The Failure of Integration

Tim McLaughlin Jr
7 min readOct 28, 2019

When I was a child in an evangelical church, there was a growing sense that the church in America was failing to cross cultural borders in the way the early church did. There was recognition that the first-century church included Jews and Greeks, slaves and freemen, people from all walks of life and ethnic backgrounds coming together as equals in the shadow of the cross; and that the evangelical churches at the time could not claim that same unity. This was seen as an important issue, a failure of the church to properly practice and display the love of God to the world regardless of race, background, or culture. One of the things that began to happen in light of this understanding was a push for more diversity in our churches. Racial reconciliation was seen as a necessary part of the church pointing the way forward to a more powerful and effective image of the body of Christ.

To this end, I have watched for a couple decades as white churches have made strides toward integration. These were mostly had through visible invitation to community; singing the occasional worship song in Spanish or Afrikaans to show unity with Christians abroad, making a point of inviting people from other ethnic backgrounds to become members, having major denominations make apologies for former racist practices and beliefs and expressing interest in moving forward together. Some of it was just different styles of church that non-whites were interested in trying out. It seemed to be working. Formerly all-white churches across the country had more ethnic diversity in their seats, and that was that.

Then, a few years ago, it fell apart.

Ever since the case of Rodney King, conversation about the level of violence used by police in dealing with black people has occasionally broken into mainstream conversation in white America, but never really stuck and rarely became anything more than idle conversation. But tensions were rising and black people were having greater access to each others’ stories and the advent of the Black Lives Matter movement finally forced the issue into the spotlight and kept it there. And I have talked to and read the words of so many people of color who watched what the evangelical churches that were trying so hard to welcome them did in response to that. And, by and large, white evangelicals dismissed the concerns, argued in defense of the police in case after case, and then voted for a presidential candidate who was being widely criticized by every race but Europeans partly (largely or entirely, in some cases) due to his statements on women and minorities.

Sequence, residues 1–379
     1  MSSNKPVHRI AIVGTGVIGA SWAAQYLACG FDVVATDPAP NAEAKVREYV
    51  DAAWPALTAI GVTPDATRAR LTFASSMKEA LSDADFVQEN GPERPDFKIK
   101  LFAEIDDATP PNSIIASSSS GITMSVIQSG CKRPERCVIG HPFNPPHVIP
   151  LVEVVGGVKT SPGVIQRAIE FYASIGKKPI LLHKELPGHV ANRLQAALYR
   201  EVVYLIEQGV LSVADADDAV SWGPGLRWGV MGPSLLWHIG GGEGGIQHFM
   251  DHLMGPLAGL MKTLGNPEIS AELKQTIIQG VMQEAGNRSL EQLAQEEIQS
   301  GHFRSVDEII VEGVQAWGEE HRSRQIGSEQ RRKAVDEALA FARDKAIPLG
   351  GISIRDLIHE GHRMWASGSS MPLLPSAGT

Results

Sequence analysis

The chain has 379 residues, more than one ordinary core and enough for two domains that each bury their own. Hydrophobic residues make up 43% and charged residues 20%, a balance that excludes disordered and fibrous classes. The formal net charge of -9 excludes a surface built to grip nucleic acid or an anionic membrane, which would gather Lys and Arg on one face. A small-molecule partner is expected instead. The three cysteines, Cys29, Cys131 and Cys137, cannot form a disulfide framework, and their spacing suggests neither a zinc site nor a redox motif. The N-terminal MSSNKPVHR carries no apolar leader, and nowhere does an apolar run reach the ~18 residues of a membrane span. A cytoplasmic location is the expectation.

So they left. Because what had become apparent was that they were never anything more than guests. What so many white evangelical churches had done was welcome people in who didn’t look like them, but then kind of expected those people to start looking like them. White churches continued to have white leadership that talked about the desire for reconciliation but did not ask what it was that had kept people away to begin with. There were no changes to the culture of those churches, no involvement of new ideas about practical issues secondary to the gospel. Sermons would look at abortion debates and rail on and on about the value of life and the need to protect it at all costs and then turn away any discussion on black youth laying dead in the street because they felt racial discussion was divisive; or worse, they would condemn the dead and pray for protection of the shooter from the trials they faced for killing someone. I’ve known some who have left the faith, or at least the church, entirely; but many simply walked away from a place they came to understand they never really belonged anyway and went looking for the places that had always looked like them.

Recently, a group called Founders Ministries released the trailer to a new documentary called By What Standard? which boasted input from a wealth of Southern Baptist leaders and theologians. The description the documentary offers for itself is that it is attempting to reveal and counter views seeping into the church that threaten to water down the gospel. While the documentary has not been released, so no one outside of the production team really know what it will say, the trailer focuses on those who have criticized how the church has handled issues like racial turmoil and sexual assault.

The highlighted segments in the trailer show, as “godless ideologies”, speakers (some of whom are pastors themselves) calling for pastors to listen to the concerns of their black friends and congregants, to reach out to professionals for help in cases of sexual abuse or other areas they are not specifically trained to handle alone, and to take responsibility for making the changes necessary to facilitate varying forms of reconciliation. It also includes egalitarianism, which has been an issue in some circles but will not be discussed in this post. This has been met with a great deal of backlash, including some of the acceptable leaders shown in the video asking for their involvement to be removed because they feel they were misled about the nature and content of the documentary. One of the responses stated that he was asked to speak about Biblical authority and felt it inappropriate that his words were being used to attack leaders who were well within orthodoxy.